Are You Potassium Deficient? Here’s What You Need to Know.
By Stacey Feintuch (Medically Reviewed by Connie M. Weaver, PhD| Distinguished Professor Director, Women’s Global Health Institute | Purdue University, Nutrition Science West Lafayette, IN)
You do your best to get plenty of calcium and protein into your body every day. But what about potassium? It likely doesn’t come to mind as an important nutrient, but it should. Potassium plays a vital role in keeping muscles working properly, regulating fluids, helping nerves function and promoting a healthy cardiovascular system.
If your potassium levels get off kilter, it can raise your risk for high blood pressure, kidney stones, lower bone turnover, urinary calcium excretion and salt sensitivity.
It can be tough to tell if you’re getting enough potassium. Low levels are occasionally caused by poor diet, but more often by loss of potassium because of vomiting, diarrhea, use of certain prescription medications including diuretics (also known as water pills), overuse of laxatives, excessive sweating, or other conditions affecting the gastrointestinal tract and kidneys.
You might not notice any physical symptoms. And routine tests don’t check for potassium deficiency. Here are a few signs that you’re lacking potassium. If you experience any of these signals and can’t figure out what’s behind them, ask your health care provider to check your potassium levels. Low potassium, known medically as hypokalemia, can be detected with blood and urine tests.
You’re weak and tired.
When you’re potassium deficient, you’ll feel it in your muscles. Yes, a slew of reasons can cause low energy levels. But if you’ve been getting plenty of sleep and still not feeling right, examine what you eat. You need potassium for muscle construction and contraction. Try eating more potassium-rich fruits and veggies. Good potassium veggie sources include spinach, broccoli, carrots, sweet and white potatoes and red peppers. Fruit sources include bananas, strawberries, oranges, mangoes, kiwis and apricots.
Read more about what potassium-rich foods you should be eating.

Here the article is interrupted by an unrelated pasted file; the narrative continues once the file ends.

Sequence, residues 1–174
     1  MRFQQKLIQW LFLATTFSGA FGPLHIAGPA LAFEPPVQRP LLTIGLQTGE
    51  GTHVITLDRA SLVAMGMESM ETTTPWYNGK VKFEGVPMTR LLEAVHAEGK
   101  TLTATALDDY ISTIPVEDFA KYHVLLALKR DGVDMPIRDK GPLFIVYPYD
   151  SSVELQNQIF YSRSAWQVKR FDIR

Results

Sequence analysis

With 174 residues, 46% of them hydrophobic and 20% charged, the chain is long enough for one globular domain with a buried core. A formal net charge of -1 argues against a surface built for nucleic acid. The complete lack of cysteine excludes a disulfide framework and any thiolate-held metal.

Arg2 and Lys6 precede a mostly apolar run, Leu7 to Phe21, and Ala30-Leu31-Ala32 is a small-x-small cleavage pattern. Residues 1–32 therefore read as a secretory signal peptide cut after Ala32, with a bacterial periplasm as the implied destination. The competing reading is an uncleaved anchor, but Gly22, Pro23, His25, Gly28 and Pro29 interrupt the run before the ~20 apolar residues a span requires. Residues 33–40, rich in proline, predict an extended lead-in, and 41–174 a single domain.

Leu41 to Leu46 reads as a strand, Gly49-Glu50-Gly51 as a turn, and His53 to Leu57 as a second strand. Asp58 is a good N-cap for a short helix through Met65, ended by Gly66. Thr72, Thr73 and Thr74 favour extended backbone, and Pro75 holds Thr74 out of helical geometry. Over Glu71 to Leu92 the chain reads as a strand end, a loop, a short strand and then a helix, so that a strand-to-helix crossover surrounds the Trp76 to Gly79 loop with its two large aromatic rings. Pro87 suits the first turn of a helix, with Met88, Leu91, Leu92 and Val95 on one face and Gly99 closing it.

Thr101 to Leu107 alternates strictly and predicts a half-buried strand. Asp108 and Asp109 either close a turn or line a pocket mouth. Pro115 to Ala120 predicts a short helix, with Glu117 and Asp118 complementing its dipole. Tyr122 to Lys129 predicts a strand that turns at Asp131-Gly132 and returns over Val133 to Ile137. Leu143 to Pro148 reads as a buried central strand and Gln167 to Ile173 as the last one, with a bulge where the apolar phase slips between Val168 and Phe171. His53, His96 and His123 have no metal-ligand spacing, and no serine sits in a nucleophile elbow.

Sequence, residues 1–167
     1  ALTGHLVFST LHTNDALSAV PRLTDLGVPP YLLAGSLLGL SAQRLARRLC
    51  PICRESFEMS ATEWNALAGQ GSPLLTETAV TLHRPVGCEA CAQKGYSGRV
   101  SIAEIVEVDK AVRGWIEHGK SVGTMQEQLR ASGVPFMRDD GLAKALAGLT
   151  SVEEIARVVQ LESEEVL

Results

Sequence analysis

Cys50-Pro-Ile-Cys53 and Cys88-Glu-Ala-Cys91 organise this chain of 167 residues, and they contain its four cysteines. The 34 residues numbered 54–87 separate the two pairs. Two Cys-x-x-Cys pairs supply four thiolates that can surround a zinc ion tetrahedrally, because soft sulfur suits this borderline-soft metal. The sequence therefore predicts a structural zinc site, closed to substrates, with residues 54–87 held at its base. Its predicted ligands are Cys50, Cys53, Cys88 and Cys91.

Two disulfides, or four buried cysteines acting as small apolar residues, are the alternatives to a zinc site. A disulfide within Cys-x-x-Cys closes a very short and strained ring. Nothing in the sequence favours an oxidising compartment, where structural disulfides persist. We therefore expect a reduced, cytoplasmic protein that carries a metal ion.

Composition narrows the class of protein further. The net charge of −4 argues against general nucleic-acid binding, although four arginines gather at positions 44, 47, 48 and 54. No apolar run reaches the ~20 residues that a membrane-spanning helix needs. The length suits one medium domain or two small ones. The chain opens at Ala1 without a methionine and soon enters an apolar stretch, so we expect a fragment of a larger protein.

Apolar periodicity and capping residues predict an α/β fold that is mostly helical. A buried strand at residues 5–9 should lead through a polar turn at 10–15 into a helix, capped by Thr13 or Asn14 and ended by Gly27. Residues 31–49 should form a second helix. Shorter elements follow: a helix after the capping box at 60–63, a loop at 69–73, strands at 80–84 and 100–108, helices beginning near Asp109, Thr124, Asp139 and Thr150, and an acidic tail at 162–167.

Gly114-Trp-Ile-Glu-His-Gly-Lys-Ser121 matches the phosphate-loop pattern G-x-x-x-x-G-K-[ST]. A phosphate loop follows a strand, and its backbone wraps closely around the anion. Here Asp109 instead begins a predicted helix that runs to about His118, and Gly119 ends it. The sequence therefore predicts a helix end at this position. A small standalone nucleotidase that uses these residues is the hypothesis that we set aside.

You have high blood pressure.
Indeed, family history, OD-ing on salt and being overweight can affect your blood pressure. But, so can potassium. But, rather than reducing intake as you would with salt, most people need to eat more potassium-rich foods. Potassium helps relax blood vessels. If you don’t have enough potassium, blood vessels can become constricted. That causes blood pressure rates to rise. Read more about high blood pressure.
You have muscle cramps.
Muscles need enough potassium for smooth muscle contraction. So, if your levels go below a certain point, you may get muscle cramps. You may experience aches and spasms, too. Don’t miss what to do when muscle cramps strike.
Low potassium levels can slow your digestive system. You may also be bloated and have abdominal cramping. Find out five surprising constipation triggers.
You eat a lot of junk food.
If you maintain a poor, unbalanced diet, you could end up with a potassium deficiency. Eating too many processed foods and junk foods puts you at risk for lower potassium levels. All those chips, frozen meals and crackers are loaded with sodium. The more sodium you consume, the more potassium your body excretes. So, cut back on salt to help retain more of the potassium you’re eating. Eat more potassium-rich fruits and veggies (see above). Other good sources of potassium are yogurt, avocados, sun-dried tomatoes, sardines, grilled steak, orange juice, halibut, flounder, tuna, clams and salmon. Serve your family these chicken cutlets with broccoli rabe and mozzarella, which contain sun-dried tomato slivers.
You have irregular heart rhythms.
This problem, also known as arrhythmia, is a serious complication of very low potassium levels and can cause a cardiac emergency, particularly in people with heart disease. Seek medical care immediately if you experience abnormal heart rhythms.
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